Customer service strategy

Customer service strategy is not just for consumer product businesses.
All businesses have customers. Therefore, in a sense all may need a strategy for customer service. However, many do not appreciate how customer service affects overall firm performance.

Where we are in the strategic planning process

After the SWOT analysis, planners look at strategic options. Now it is time to decide strategies for the business.

Your SWOT analysis may show that customer service is a strategic elephant. You may need a strategy to make major improvements in customer service.

Two broad approaches

Cost savings and customer value adding are the two broad approaches taken by most enterprises. To put it crudely, they try to minimize the cost of interacting with customers, or they try to extract higher prices.

Often, cost reduction or pushing price is unbalanced. The focus should be on managing costs to create customer value that would lead to revenues that are more profitable.

Does customer service strategy mean
quality at any price?

Products and services deliver some value to the customer, in terms of their usefulness for the price. This may yield value to the shareholders. This would be returns on their investment derived from profit on the customer offerings.

As shown in the following figure, there are strategies S1 and S4 that can cause both customer satisfaction and shareholder value to increase or decrease simultaneously. In these cases, there would be no conflict between the two groups. However, there are also strategies S2 and S3 that would cause a direct conflict of interest.

Strategy S1 serves both customers and shareholders. This means the revenue growth linked to improving customer satisfaction, more than covers the costs of the investment to deliver the improvements.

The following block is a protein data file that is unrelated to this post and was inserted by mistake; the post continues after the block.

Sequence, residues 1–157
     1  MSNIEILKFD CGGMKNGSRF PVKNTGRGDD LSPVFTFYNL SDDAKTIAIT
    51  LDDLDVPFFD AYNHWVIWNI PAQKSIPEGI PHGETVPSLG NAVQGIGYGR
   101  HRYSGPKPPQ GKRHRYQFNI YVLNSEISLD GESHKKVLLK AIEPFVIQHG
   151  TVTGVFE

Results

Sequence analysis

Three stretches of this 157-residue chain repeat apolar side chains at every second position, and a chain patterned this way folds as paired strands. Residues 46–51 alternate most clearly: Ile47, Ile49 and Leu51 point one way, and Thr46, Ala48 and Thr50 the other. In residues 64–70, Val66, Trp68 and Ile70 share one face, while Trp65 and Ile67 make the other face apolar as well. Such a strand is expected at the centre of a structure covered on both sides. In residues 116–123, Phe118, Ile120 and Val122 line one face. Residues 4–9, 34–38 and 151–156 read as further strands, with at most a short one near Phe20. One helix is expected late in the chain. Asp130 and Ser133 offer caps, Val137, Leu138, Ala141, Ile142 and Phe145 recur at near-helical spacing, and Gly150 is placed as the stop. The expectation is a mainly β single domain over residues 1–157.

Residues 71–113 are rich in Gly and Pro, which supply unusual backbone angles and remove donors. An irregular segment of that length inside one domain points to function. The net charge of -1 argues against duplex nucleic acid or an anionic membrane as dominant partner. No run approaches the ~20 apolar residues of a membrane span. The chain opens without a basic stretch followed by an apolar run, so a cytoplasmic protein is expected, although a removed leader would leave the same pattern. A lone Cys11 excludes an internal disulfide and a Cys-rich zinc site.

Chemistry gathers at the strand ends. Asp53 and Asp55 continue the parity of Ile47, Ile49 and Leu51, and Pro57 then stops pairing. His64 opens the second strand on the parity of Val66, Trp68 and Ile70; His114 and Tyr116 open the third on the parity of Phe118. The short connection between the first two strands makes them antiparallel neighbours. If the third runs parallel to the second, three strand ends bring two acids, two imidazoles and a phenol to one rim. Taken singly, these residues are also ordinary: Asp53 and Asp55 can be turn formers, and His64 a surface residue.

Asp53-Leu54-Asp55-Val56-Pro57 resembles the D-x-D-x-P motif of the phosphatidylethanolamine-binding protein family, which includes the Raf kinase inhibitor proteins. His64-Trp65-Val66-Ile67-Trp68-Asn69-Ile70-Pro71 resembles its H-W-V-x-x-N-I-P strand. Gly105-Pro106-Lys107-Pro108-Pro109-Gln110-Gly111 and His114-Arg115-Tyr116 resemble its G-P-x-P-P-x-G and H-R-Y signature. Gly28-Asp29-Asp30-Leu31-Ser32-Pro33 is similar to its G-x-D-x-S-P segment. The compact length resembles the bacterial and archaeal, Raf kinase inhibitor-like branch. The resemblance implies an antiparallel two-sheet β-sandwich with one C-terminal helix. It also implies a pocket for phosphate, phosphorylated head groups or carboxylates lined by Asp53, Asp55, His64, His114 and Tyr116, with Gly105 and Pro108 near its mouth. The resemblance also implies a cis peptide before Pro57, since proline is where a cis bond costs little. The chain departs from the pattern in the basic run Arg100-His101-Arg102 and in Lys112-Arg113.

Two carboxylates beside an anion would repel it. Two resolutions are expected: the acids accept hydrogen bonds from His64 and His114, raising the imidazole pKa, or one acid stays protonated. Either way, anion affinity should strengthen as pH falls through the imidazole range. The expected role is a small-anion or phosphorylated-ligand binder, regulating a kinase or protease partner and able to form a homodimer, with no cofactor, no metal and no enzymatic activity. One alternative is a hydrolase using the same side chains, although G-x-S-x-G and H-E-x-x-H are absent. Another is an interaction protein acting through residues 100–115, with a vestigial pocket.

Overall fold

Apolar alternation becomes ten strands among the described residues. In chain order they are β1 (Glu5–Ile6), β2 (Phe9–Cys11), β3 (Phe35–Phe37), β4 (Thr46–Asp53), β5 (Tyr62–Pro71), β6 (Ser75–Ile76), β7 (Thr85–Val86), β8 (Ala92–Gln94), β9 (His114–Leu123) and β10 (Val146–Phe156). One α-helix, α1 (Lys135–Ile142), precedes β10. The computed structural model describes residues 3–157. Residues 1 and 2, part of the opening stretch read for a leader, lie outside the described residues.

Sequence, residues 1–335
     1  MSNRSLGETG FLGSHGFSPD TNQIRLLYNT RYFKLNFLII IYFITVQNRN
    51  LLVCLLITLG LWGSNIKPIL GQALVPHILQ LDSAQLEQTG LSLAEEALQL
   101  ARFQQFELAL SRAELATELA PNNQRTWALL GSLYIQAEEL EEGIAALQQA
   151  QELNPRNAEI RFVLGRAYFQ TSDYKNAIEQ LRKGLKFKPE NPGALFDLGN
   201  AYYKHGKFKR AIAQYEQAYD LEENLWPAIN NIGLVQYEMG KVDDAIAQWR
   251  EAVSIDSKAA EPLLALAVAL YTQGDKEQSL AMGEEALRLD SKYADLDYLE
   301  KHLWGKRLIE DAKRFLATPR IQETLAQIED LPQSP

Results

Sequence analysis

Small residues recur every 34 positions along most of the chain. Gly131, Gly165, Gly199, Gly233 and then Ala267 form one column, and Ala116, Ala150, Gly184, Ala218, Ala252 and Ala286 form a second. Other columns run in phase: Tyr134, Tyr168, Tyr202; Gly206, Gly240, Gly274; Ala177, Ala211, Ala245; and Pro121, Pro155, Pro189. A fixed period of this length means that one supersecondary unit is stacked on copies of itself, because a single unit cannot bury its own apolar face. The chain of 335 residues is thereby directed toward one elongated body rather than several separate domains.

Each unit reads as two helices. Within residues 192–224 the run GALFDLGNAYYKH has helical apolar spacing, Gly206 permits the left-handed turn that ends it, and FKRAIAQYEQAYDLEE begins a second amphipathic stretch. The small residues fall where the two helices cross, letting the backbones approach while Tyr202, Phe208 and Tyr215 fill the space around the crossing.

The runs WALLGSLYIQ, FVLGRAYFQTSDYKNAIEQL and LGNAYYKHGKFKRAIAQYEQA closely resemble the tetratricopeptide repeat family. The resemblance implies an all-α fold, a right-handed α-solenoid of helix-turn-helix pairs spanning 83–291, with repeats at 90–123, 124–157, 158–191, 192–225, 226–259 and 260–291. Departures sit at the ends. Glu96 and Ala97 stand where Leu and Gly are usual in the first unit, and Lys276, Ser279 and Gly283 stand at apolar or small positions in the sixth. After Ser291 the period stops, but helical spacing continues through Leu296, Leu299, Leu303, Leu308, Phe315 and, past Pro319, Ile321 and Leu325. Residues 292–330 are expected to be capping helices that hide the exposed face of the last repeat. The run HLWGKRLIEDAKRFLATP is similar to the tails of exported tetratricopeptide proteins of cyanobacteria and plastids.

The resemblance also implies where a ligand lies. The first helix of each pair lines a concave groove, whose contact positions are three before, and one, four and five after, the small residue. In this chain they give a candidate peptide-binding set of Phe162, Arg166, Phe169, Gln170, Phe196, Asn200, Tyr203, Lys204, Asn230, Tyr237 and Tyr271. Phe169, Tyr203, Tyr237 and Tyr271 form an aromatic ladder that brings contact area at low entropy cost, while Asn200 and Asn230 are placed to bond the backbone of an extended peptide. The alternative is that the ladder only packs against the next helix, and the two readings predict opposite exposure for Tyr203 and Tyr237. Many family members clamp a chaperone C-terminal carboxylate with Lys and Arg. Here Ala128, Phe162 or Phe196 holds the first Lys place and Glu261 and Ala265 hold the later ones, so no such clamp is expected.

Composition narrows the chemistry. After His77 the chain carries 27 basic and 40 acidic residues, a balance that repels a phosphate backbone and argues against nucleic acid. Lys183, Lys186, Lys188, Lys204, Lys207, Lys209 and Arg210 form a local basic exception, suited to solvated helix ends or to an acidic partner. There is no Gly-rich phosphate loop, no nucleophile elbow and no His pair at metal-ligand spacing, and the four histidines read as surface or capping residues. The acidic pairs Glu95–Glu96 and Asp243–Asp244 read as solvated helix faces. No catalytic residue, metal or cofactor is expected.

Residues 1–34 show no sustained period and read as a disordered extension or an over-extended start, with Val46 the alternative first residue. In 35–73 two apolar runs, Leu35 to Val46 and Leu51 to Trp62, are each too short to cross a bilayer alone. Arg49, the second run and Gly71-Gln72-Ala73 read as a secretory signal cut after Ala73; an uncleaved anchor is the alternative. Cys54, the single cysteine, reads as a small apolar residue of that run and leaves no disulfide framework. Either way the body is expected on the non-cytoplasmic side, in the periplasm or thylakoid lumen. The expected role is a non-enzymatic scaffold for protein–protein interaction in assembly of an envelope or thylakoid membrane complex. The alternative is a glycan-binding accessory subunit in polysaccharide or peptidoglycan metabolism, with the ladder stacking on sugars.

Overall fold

Strategies like S2 present a clash of interests. Increased customer satisfaction comes at the cost of a negative impact on value for the shareholders.

An example from the automobile industry of this strategy is General Motors’ introduction of the Saturn car. This ranked so high in customer satisfaction that the company had trouble meeting demand. Shareholders were less well served. The nearly $6 billion investment in the project was too much. The firm would have had to run plants at unrealistically high capacity, and dramatically cut allowances to dealers for many years to begin to earn a modest return.

Can customers have too much of a good thing?

When shareholders subsidize customer service beyond certain levels, you put the firm at risk.

Satisfying customers is vital to the future of a business. Excessive cost to achieve this may disadvantage other ‘stakeholders’, as well as shareholders.

Not all may be lost. A business that overshoots the peak and past the value sweet spot can climb back up the hill. This is S3 in the diagram. This means identifying and reducing those costs that contribute little or nothing to customer satisfaction.

This was the course chosen by Compaq Computer. See Open: How Compaq Ended IBM's PC Domination and Helped Invent Modern Computing. In late 1991 the board forced out the founding chief executive and abandoned its “follow and upgrade IBM” strategy. Through a combination of reengineering and outsourcing, management cut costs by more than 30 percent and introduced more than 70 new models at far lower price points. This change in strategy enabled the company to recapture more than the share it had lost previously and produced a 140 percent return to shareholders during a period when the market return was 25 percent.

Once near the peak, there is a risk of declining to the left, as in S4. Both customer satisfaction and shareholder value are declining. This signals that the company’s customer service strategy needs a major overhaul.

Align customer service strategy
with intended results for investors.

Managers can do this with more solid evidence on the contribution to profitability of individual products and services.

See for example Customer Profitability Management.

A useful preliminary diagnostic look at the effectiveness of your current customer service strategy is the Net Promoter Score (NPS). See The Ultimate Question 2.0 (Revised and Expanded Edition): How Net Promoter Companies Thrive in a Customer-Driven World.

Return from Customer Service Strategy to Business Strategy.

Return from Customer Service Strategy to Simply Strategic Planning Home Page.

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